The Lady With the Lamp, You Know She Understands*

Live-in NursesWe don’t see it as much these days, but there was a time when it wasn’t uncommon for a family to hire a live-in nurse if they had a relative who needed regular medical care. For the person with health issues, it means being cared for at home, rather than a hospital. For the family, it’s much more convenient, if they have the means. Live-in nurses get to learn a lot about a family, and they add an interesting dynamic to a household. So it makes sense that they’d find their way into crime fiction, too.

Agatha Christie chose a live-in nurse as the narrator in Murder in Mesopotamia. Famous archaeologist Dr. Eric Leidner hires Nurse Amy Leatheran to help care for his wife, Louise. They’re on a dig a few hours from Baghdad, and this is the first time Louise has joined the team. She’s been having difficulty with anxiety, and reports seeing faces at windows and hearing hands tapping and so on. Leatheran’s task will be to allay her fears and help with her anxiety. At first, things go well enough, although the atmosphere is a little tense. But Leatheran soon notices friction, carefully covered up with politeness, among some of the members of the excavation team. Then, Louise confides her reasons for being afraid: she believes that her first husband, Frederick Bosner, may be planning to kill her. According to her story, they were married for a brief time, but he was killed. It might be, though, that he didn’t die; and he’s always said that she would be his and no-one else’s. At first there doesn’t seem a whole lot of merit to that story. But one afternoon, Louise is murdered. Hercule Poirot is in the area, and is persuaded to investigate. Among other things, this novel offers a look at the life of a live-in nurse of the times. Yes, indeed, fans of Appointment With Death and of The ABC Murders. Oh, and of The Mirror Crack’d From Side to Side.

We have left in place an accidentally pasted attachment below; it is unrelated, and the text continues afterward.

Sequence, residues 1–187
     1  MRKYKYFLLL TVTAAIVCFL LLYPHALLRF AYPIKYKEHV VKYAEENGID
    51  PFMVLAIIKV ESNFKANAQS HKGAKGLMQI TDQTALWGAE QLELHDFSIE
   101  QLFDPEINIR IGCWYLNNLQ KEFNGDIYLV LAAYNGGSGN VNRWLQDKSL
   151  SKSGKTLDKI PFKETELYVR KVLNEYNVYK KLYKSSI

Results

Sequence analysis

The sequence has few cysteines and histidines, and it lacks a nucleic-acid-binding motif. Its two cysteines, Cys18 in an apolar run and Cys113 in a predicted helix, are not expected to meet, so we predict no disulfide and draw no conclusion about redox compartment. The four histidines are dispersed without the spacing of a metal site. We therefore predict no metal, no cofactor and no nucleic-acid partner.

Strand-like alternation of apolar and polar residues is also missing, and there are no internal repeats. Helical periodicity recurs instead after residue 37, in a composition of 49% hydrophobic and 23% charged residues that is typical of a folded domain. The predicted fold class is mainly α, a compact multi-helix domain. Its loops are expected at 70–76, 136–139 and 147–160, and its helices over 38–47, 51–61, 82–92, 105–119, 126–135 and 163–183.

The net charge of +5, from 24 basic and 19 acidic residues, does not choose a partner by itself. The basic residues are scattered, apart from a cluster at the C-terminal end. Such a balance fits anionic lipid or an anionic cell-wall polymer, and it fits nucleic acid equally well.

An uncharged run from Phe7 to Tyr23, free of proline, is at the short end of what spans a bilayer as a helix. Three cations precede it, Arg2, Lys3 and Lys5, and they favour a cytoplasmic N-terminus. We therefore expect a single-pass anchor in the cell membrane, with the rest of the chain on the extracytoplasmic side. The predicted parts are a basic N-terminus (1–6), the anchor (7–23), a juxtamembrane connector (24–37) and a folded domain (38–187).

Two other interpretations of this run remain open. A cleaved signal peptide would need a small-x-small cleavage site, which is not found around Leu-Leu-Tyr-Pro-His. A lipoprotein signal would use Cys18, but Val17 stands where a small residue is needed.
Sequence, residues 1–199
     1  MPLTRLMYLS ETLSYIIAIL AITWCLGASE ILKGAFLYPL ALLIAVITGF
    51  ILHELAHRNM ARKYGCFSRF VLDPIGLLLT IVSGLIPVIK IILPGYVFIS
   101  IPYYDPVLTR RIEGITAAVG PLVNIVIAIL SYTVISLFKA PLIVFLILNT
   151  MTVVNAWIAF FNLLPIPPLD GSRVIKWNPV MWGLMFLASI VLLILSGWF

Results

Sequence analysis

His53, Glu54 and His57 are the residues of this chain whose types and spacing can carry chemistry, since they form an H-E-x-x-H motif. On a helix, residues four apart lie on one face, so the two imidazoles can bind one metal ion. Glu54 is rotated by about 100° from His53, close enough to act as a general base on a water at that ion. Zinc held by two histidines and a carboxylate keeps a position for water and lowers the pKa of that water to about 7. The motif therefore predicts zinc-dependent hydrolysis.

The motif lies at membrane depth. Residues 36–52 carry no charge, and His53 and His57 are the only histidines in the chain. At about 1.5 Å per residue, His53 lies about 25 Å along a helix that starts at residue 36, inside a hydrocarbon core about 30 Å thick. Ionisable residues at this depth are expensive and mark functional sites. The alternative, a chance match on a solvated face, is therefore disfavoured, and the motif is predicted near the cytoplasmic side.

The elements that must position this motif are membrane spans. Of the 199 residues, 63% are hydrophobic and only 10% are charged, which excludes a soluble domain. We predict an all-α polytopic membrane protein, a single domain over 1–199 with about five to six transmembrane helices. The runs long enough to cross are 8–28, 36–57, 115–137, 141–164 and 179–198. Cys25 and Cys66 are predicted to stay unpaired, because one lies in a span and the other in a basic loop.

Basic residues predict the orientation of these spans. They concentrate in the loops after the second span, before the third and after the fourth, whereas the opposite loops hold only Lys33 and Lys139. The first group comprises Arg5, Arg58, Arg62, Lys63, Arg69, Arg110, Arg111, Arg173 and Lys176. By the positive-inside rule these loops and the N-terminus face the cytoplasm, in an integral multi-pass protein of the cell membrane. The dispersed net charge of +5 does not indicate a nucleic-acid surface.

In Barbara Vine’s (AKA Ruth Rendell) The Minotaur, we are introduced to Kerstin Kvist, a Swedish nurse who moves to the UK to be near her lover Mark Douglas. She’s hired by the Cosway family to look after thirty-nine-year-old John Cosway, who is said to be schizophrenic. On the surface, it looks like a good arrangement for everyone. But soon after her arrival Kvist begins to suspect that something is very badly wrong. For one thing, the family still seems to live in the Victorian Era, which is strange enough. What’s more, family matriarch Mrs. Cosway has ordered that her son be kept heavily sedated. Kvist is sure that he doesn’t need to be medicated in that way. So, bit by bit, she withdraws the medication her patient is on, but doesn’t tell anyone. That decision leads to real tragedy, which is documented in the diary that Kvist keeps.

Minette Walters’ novella The Tinder Box is the story of the murders of elderly Lavinia Fanshaw, and her live-in nurse, Dorothy Jenkins. Everyone in their village of Sowerbridge is convinced that the murderer is an Irish worker named Patrick O’Riordian.  He is duly arrested, and it seems that the case will be settled. But Siobhan Levenham, who also lives in Sowerbridge, believes that Patrick is innocent. She thinks that he’s been ‘railroaded’ because of local prejudice, and wants to clear his name. But the more she learns about the accused’s past, the more she begins to wonder what really happened. Is O’Riordian guilty? If so, what went on among him, Lavinia Fanshaw and Dorothy Jenkins? As she looks for the truth, Levenham begins to question her own thought processes.